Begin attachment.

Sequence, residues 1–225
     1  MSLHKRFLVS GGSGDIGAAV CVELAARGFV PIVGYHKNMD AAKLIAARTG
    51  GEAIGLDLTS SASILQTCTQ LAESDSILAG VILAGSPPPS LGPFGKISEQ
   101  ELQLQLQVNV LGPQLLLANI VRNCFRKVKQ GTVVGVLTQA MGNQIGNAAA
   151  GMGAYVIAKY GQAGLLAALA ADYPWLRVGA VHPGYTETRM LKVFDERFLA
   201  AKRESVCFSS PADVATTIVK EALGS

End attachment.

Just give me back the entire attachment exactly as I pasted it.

Sequence, residues 1–225
     1  MSLHKRFLVS GGSGDIGAAV CVELAARGFV PIVGYHKNMD AAKLIAARTG
    51  GEAIGLDLTS SASILQTCTQ LAESDSILAG VILAGSPPPS LGPFGKISEQ
   101  ELQLQLQVNV LGPQLLLANI VRNCFRKVKQ GTVVGVLTQA MGNQIGNAAA
   151  GMGAYVIAKY GQAGLLAALA ADYPWLRVGA VHPGYTETRM LKVFDERFLA
   201  AKRESVCFSS PADVATTIVK EALGS